Our meetings are open to all
3rd Wednesday of each month
Note: Usually we meet in Brunswick, but ocassionally at other locations around the state, so contact us just to be sure.
(207) 743-2183 (207) 273-3247 (207) 443-2899
mail (at) letcubalive.org
Let Cuba Live
Serving the people comes first
By Tom Whitney, January 19, 2009
Speculation grows as to reordering of Cuba's economy and relaxation of U.S. hostilities. Yet basics get short shrift in that discussion no less than they do amidst dispute over first-offender responsibilities for war in Gaza. Graciela Guerrero Garay identified one essential in both situations: "There is nothing more important than the life of a child."
She points to Cuba. There, infant mortality last year was the lowest ever. Out of every 1000 live births, only 4.7 babies died during their first year, a rate down from 60 in the 1950's, 10.7 in 1991, 6.5 in 1999, and 5.3 in 2007. Decline during the nineties coincided with severe economic hardships. The United States registered 6.3 in 2008 (estimated), other industrialized nations, around five.
Effective social support, adequate food, high educational levels, supportive families, prioritized prevention, and ready access to health care all contribute to Cuba's achievement. Guerrero Garay testifies to special networks of nutritional and medical care available to pregnant women; competent, accessible pediatric care; and "the love of parents, doctors, nurses, and any Cubans having to do with [children's] quality of life."
In contrast to the money–driven U.S. society where political dialogue seems to center on jostling for advantage, the needs of all come first in Cuba. In that regard, the story of Cuban health care is worth revisiting.
Only 3000 physicians remained in Cuba in 1962. By 2007, there were 72,417. Medical schools expanded from one to 22. The physician per population ratio is 1/155 now, compared to 1/330 for Western Europe, 1/417 in the United States. Nearly 30,000 practitioners of "comprehensive general medicine" team with a nurse to provide preventative and curative care in neighborhoods for 99 percent of the population. Cuba's GDP dropped 34 percent after 1991 and stayed low. But over seven years the health care portion of the national budget rose from 7.4 to 13.1 percent. The recent economic upswing has brought renewed construction and refurbishing of clinics, hospitals, and medical equipment.
An astounding venture, decades in the making, has recently come to fruition. Steve Brouwer reports on Cuba's worldwide export of health care and medical education in "Cuba's Revolutionary Doctors" appearing in Monthly Review, January, 2009.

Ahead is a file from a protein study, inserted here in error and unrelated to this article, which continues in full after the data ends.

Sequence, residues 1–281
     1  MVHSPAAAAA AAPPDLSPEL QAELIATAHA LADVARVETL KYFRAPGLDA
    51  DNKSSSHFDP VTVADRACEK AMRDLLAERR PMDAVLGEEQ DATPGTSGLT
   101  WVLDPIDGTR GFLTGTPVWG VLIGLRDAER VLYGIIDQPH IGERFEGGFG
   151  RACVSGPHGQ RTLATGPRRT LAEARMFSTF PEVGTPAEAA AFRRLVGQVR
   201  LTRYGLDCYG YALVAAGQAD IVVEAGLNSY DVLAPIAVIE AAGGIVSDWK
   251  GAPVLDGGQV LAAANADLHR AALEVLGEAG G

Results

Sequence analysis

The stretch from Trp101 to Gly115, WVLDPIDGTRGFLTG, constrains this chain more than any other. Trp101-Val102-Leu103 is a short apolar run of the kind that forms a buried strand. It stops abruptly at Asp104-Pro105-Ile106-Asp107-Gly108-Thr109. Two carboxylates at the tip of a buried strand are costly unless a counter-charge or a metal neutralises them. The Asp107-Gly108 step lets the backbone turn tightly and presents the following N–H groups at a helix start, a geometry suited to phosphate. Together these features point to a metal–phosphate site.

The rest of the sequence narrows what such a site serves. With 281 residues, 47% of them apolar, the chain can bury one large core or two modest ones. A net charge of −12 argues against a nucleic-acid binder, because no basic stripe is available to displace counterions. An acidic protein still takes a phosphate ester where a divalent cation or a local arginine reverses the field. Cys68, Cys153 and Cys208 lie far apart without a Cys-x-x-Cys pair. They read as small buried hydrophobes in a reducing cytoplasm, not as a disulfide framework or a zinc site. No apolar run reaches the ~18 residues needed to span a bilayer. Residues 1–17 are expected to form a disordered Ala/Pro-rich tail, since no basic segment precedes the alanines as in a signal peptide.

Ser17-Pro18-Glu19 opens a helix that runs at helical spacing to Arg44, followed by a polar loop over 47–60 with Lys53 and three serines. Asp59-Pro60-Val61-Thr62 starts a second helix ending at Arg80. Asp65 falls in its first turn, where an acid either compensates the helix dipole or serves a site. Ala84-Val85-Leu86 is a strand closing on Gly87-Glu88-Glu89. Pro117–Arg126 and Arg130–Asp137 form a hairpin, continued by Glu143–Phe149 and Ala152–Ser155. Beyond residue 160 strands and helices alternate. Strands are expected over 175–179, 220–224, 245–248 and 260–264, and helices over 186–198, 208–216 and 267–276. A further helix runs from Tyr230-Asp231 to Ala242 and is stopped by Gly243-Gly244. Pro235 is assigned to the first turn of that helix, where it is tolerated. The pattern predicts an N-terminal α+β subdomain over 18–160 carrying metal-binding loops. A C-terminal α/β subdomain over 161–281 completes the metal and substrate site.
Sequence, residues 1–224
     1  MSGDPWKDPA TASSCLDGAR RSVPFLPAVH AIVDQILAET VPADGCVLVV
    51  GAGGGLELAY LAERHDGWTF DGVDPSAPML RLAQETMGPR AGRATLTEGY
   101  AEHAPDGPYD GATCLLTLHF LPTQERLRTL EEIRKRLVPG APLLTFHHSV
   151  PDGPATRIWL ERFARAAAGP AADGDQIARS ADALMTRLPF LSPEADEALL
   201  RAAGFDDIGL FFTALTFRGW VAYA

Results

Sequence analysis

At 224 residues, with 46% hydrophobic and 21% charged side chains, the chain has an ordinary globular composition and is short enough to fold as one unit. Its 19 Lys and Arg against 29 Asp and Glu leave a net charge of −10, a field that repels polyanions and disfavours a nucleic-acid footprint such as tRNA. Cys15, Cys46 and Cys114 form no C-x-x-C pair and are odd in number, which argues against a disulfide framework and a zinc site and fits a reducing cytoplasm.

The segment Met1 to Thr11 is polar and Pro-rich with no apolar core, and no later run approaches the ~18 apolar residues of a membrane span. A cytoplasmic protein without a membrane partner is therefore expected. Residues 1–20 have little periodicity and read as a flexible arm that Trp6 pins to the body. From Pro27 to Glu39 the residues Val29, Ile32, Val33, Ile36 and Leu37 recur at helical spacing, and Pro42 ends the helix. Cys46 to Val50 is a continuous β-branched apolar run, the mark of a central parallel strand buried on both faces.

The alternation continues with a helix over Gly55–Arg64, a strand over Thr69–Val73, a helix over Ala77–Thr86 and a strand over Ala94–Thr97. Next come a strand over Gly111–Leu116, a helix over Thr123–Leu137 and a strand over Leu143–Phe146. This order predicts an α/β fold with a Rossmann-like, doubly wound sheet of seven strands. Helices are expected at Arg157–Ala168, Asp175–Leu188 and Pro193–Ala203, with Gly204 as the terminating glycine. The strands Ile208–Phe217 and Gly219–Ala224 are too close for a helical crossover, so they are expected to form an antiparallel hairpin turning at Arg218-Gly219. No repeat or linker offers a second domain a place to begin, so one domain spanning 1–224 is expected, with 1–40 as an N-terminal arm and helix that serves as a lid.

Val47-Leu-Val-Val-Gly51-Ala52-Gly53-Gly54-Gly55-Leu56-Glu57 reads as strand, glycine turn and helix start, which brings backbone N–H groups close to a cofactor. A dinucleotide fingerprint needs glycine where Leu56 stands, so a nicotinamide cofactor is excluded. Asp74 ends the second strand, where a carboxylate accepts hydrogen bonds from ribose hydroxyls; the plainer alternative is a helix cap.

As of November, 2008, 38,544 Cuban health workers, 17,697 of them physicians, were caring for patients or teaching in 75 countries. Over 7000 physicians and 3000 dentists from Cuba, plus hundreds of specialists, work in Venezuela, and 1500 more physicians, in Bolivia. In Venezuela, Cuban doctors accounted for one primary care doctor per 17,300 people becoming one per 3,400. Disaster relief teams of hundreds, even thousands, of Cuban doctors served in Pakistan, Bolivia, Guatemala, and Indonesia.
The education segment of this project is unprecedented. Presently 24,000 foreign students are studying medicine free in Cuba. Since 2005, The Latin American School of Medicine has graduated 1500 – 1800 students annually. Students in that six year program have come from 40 Latin American, Caribbean, and African nations. Cuban and Venezuelan educational specialists pioneered in developing a separate curriculum in "comprehensive community medicine" aimed at students learning medicine in their own communities and staying there to practice.
Some 12,000 Cubans study medicine that way now in addition to 17,000 others enrolled in traditional medical schools. In Venezuela, over 20,000 medical students attending the "medical school without walls" have completed two to three years of a six year course. Cuban doctors do most of the teaching. According to Steve Brouwer, students interact with patients from the start, hear lectures daily, utilize innovative audio-visual modalities, and rely on resourceful, world-experienced physicians serving as tutors.
Brouwer visited medical students in and around Sanare (pop. 39,000), an upland, northeastern Venezuelan city where 42 inhabitants were studying medicine. Nearby Monte Carmelo (pop. 800) was home to eight young people studying locally and one in Cuba.
Cuba and Venezuela's total medical school enrollment approximates the 65,000 total of students attending U.S. schools. They, on graduation, will be looking for work lucrative enough to pay off individual medical school debts averaging almost $200,000. By contrast, their Cuban and Venezuelan counterparts will work where they are needed – at home, in poor neighborhoods.
Greeting the Cuban people on May 1, 2000, former President Fidel Castro had set the stage: "Revolution means…being treated and treating others like a human being."